Origin of Coal And its Microscopic Constituents


Coal is a flammable black hard rock used as a solid fossil fuel. It is mainly made up of 65-95 % of carbon and also contains Hydrogen, Sulphur, Oxygen, and Nitrogen. Basically the Carbon rich mineral deposit formed from the remains of plant fossils. These are initially deposited as peat but with burial and increase in temperature at depth bring about physical and chemical changes.

The process of Coalification results in production of coal of different ranks (Coal Series) from peat, through the bituminous coal and lignite to anthracite.

Each rank marks a reduction in the percentage of carbon. They are termed “woody or Humic coals” if formed from fragments of trees or bushes. If the major constituent of coal or pollen grains and /or finely divided plant debris, the term “Sapropelic Coal” is used.

  1. Peat:
  • It contain less than 40 to 55 % carbon.
  • Peat contain sufficient volatile matter and lots of moisture content.
  • It burns like wood, gives less heat, emits more smoke and leaves a lot of ash.
  1. Lignite:
  • It contain 60 to 70 % carbon on dry ash free basis.
  • It has high moisture content of more than 35 %.
  • It is also known as Brown Coal and is a low grade coal.
  • It undergoes spontaneous combustion and creates fire accidents in mines.
  1. Bituminous Coal:
  • It is the most abundant rank of coal.
  • It is refered to as soft coal and Black Coal.
  • It contain 40 to 80 % of
  • It conatin moisture and volatile content upto 15 to 40 %.
  • It is dense compact and does have traces of originally vegetable material.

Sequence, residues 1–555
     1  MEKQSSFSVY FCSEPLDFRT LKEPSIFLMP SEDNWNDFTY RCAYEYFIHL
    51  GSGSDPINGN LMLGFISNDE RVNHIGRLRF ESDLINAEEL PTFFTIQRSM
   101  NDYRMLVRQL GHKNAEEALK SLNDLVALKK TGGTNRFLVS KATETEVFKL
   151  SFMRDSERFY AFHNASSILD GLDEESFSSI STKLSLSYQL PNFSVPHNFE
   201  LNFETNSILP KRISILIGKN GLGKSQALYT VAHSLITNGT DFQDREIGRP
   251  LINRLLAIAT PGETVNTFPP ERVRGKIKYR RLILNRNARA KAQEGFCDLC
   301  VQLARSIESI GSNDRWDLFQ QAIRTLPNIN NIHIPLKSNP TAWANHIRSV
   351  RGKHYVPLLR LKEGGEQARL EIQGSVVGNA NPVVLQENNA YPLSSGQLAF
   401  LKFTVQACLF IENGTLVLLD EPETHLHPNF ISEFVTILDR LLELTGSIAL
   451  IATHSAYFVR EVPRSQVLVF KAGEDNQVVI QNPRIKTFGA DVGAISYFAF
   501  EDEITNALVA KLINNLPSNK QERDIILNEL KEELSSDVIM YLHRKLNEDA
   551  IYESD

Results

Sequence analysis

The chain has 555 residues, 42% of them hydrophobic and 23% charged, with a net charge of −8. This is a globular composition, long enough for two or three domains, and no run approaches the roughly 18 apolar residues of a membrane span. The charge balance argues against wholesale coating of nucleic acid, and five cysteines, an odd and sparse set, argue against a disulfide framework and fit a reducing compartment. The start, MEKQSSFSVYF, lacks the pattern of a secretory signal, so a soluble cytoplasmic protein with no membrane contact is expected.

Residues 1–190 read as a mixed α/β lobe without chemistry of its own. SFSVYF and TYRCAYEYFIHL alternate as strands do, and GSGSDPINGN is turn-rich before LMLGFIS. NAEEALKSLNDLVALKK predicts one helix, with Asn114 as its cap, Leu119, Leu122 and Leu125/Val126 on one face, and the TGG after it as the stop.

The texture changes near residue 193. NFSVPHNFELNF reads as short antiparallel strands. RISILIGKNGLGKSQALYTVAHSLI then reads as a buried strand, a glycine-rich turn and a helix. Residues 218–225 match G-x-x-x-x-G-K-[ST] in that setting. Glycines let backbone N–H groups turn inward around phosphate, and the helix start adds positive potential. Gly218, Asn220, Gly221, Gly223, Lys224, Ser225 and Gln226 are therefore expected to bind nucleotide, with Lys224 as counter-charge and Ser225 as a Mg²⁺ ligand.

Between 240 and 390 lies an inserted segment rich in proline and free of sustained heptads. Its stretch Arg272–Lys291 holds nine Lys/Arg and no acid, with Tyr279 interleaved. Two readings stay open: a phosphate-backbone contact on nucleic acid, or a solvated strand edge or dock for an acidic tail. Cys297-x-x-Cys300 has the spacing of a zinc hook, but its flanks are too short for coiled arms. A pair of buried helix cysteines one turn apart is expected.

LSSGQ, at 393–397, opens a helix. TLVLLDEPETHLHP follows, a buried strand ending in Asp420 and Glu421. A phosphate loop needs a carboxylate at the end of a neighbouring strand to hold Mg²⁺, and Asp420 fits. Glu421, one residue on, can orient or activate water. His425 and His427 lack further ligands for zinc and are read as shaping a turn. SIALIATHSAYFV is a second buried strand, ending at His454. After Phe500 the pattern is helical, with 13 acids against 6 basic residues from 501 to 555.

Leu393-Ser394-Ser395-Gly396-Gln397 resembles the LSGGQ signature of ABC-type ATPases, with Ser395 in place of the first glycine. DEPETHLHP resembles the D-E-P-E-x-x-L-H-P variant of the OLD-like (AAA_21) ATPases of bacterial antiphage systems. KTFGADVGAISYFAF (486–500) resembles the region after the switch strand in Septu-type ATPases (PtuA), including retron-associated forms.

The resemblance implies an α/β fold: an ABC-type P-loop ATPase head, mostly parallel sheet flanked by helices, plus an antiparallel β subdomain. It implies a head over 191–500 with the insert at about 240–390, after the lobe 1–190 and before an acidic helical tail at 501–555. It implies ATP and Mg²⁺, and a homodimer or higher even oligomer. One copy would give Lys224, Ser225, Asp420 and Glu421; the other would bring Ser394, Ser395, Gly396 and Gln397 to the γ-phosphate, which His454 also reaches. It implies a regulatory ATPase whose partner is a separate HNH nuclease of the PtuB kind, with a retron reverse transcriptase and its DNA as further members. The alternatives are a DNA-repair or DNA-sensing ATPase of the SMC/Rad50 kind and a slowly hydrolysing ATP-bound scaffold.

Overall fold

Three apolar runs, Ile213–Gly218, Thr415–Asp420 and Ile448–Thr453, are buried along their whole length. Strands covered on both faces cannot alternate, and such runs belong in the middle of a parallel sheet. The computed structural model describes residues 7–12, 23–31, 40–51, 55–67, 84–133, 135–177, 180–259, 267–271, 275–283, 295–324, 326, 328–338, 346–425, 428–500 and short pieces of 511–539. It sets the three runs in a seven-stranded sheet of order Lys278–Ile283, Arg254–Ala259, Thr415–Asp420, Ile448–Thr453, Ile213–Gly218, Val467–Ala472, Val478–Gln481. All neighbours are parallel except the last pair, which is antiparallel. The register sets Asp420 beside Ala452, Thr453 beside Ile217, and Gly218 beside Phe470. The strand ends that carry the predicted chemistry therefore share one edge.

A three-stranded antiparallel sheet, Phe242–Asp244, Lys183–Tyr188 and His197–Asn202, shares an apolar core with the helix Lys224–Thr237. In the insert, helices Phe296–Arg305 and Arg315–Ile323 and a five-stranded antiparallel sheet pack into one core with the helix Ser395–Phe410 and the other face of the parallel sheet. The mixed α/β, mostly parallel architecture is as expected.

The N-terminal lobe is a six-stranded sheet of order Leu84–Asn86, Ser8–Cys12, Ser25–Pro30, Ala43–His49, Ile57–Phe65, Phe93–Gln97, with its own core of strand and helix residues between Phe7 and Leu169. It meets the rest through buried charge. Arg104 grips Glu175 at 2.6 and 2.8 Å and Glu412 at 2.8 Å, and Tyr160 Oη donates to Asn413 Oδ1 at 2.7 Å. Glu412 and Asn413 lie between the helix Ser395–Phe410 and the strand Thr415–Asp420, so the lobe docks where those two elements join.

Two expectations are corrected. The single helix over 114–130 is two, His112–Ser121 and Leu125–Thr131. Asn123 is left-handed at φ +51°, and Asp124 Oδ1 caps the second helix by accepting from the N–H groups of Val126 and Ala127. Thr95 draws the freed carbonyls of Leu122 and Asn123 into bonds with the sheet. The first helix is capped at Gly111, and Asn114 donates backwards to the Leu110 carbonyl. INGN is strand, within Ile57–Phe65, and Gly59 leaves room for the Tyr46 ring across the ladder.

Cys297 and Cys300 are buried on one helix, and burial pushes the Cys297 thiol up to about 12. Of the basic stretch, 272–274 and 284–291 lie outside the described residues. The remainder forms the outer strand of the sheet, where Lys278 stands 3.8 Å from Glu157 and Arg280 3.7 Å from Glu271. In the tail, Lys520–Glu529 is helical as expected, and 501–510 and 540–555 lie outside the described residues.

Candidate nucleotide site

• It is used in production of Coke and Gas.
  1. Anthracite:
  • It is the highest rank of Coal as it contain carbon content ranging from 80 to 95%.
  • It is also known as Hard Coal.
  • It contain very little volatile matter and has semi metallic lustre.
  • It ignites slowly with less loss of heat.

Origin of Coal

Coal formation began during the Carboniferous period known as the first coal age which spanned 360 million to 290 million years ago.

The build-up of the silt and other sediments together with movements in the earth’s crust (known as tectonic movements) buried swamps and peat bogs, often to great depth. With burial, the plant material was subjected to high pressure and temperature which causes physical and chemical changes in the vegetation, transforming it to Peat and then into Coal. The degree of change undergone by a coal as it matures from peat to anthracite is known as Coalification.

The Quality of each coal deposit is determined by:

  1. Varying types of vegetation from which the coal is originated
  2. Depth of burial
  3. Pressure and temperature at that depth
  4. Length of time the coal has been formed in the deposit.

Microscopic Constituent of Coal

The microscopic Analysis of coal is carried out in terms of group maceral composition. Polished blocks of coal are studied under reflected light with oil immersion lens using a Leitz Microscopic.

  • Vitrinite Group: The dominant maceral group in the Sulphur rich Eocene coal is vitrinite. Collinite is the dominant maceral of Vitrinite group and bears no plant Structure. Collinite is light grey in colour and shows low to moderate reflectance and occurs as groundmass and sometimes in definite bands.
  • Exinite Group: The macerals of this group are derived from spores, cuticles, resins and algae. The Exinite group of macerals are represented by
  1. Sporonite and
  2. Resinite.
  • Inertinite Group: Inertinite macerals show highest reflectance and exhibit well preserved cell structure. This group of macerals are represented by
  1. Fusinite
  2. Semifusinite
  3. Sclerotinite
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